Post-operative hospital course was largely uneventful. No histopathological evidence of antibody-mediated rejection was exhibited by any of the four patients in the biopsy performed at 1 month (protocol biopsy) post-LDLT. Successful organ engraftment occurred as documented by post-operative liver function tests, ultrasonography, and liver biopsy. Two out of four patients (case no. 3 and 4) had sinus ventricular tachycardia, two and 17 days post-LDLT, respectively, which was managed by intravenous diltiazem. Antibiotics administered prophylactically to all four patients were pipracillin-tazobactum and teicoplanin. Case no. 3 required additional antibiotics (linezolid, polymixin E, and meropenem) on post-operation day 3 based on culture and sensitivity of blood and endotracheal tube secretions. All the four patients were discharged after an average of 21 days (range 20–23 days) with dietary and medical advice.
Follow-up regime after discharge was once a week until 3 months, once a fortnight till sixth month, once a month till 2.5 years, and once every 2 months till life. Case 1 was readmitted on post-operation day 56 with acute pancreatitis. She succumbed despite 5 days of active medical management. All other three patients continue to do well with mean follow-up of 9 months.
Rituximab was given to all four patients to inhibit the formation of new antibodies and thus, decrease the titer of naturally occurring blood group antibodies. Plasmapheresis was subsequent to antibody titer decrease obtained by rituximab alone as evidenced by antibody titer monitoring. However, either there was no decrease in titers or at best decrease by one dilution. Plasmapheresis sessions achieved the desired levels of 16 or less thereafter. Plasmapheresis, therefore, remains an integral part of any desensitization regime.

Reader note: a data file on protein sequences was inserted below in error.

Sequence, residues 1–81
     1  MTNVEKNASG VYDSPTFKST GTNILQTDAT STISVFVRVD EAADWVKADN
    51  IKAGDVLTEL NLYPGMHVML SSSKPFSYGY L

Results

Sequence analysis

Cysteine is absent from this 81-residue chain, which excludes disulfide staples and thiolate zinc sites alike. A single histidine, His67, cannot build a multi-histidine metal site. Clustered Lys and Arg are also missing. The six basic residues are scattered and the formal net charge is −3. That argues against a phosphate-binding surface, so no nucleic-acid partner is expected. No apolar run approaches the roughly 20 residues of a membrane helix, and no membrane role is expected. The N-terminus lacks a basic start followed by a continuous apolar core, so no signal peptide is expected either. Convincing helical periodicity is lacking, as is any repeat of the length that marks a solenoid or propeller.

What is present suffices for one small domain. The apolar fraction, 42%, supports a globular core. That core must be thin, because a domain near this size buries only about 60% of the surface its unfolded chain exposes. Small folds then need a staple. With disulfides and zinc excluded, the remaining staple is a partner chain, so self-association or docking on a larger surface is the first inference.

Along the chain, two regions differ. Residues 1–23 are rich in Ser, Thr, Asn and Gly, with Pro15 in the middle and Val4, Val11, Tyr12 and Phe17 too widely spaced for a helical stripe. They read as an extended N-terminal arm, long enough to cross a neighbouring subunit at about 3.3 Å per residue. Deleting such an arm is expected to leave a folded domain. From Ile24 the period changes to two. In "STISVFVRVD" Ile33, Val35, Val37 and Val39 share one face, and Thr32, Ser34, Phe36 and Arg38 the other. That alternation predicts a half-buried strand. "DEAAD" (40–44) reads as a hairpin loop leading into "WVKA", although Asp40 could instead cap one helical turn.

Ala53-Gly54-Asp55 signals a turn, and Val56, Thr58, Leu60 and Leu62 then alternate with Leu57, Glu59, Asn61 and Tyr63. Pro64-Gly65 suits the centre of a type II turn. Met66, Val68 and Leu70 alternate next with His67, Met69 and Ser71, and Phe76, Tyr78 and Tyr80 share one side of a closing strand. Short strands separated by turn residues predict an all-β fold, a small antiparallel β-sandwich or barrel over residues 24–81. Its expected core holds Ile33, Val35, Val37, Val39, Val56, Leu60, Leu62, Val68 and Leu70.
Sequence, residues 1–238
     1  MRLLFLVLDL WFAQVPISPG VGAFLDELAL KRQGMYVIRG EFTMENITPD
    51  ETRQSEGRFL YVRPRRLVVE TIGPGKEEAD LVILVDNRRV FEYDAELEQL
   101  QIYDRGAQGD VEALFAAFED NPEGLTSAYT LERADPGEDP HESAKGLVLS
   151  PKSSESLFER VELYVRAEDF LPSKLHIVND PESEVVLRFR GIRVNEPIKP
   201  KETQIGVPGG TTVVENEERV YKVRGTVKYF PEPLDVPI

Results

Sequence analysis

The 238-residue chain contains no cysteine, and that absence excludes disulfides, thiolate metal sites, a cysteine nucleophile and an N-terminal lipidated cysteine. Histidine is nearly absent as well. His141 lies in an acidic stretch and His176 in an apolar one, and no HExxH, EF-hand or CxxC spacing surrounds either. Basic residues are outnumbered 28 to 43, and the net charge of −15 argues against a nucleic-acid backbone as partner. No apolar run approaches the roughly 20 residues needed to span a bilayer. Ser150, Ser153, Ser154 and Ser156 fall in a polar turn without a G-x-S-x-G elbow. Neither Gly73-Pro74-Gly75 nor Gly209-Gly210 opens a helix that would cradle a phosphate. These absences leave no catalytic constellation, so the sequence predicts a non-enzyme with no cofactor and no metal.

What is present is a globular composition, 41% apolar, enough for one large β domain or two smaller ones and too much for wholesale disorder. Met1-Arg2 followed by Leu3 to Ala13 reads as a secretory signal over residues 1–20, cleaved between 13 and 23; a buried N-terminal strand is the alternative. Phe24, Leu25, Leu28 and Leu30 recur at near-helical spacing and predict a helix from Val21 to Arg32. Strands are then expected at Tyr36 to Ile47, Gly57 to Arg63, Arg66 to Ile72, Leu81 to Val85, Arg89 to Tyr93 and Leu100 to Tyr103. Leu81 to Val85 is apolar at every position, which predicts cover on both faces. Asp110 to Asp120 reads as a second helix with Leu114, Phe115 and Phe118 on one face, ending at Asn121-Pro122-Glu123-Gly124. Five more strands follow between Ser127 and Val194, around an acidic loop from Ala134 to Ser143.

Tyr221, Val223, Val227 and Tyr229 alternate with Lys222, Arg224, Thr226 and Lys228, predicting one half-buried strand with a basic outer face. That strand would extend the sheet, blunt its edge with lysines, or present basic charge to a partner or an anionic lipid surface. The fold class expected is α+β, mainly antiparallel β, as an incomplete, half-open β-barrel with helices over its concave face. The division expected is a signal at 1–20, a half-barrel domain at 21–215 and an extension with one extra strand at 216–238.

Plasmapheresis can be conventional, cascade, or adsorption. While the conventional plasmapheresis is completely nonspecific with removal of entire plasma and its substitution with replacement fluid like FFP, albumin, normal saline alone, or more commonly in combination; cascade plasmapheresis is semi-selective with removal of high molecular weight substances mainly immunoglobulins; and some amount of albumin and adsorption column plasmapheresis is the most specific with removal of only ABO-specific immunoglobulins.
Comparison between numbers of plasmapheresis procedure required as per guidelines and number of procedures in the present series and their costing
Case (pre-CP titer IgG)
Number of conventional plasmapheresis as per guidelines
Costs of conventional procedures in US dollars
Number of CP procedures in this series
Costs of CP in US dollars
Cost savings in US dollars
Case 1 (2,048)
Case 2 (1,024)
Case 3 (32)
Case 4 (64)
Immediate post-operative follow-up of patients revealed ventricular tachycardia in two out of the four patients, which could be managed easily by antiarrhythmic agent. One patient had to be put on higher antibiotics based on culture reports to which the patient responded well. One patient (case 1) was readmitted because of acute pancreatitis and died after successful discharge. Larger series of patients would establish long-term safety of such patients.
ABO blood group hurdle has now been crossed, and ABO-incompatible solid organ transplants are being successfully performed in India and other countries. ABO-incompatible liver transplant can and should be an option for seriously ill patients, who are awaiting transplantation and should be offered to all patients in cases of immediate need of allograft and are without any blood group compatible organ donor. Cascade plasmapheresis using modified PL1 offers a cost-effective and efficient way to decrease the blood group antibody titer and helps in successful transplant.
The authors wish to acknowledge the conceptual inputs from Dr. Padam Singh and Dr. Pooja Sharma.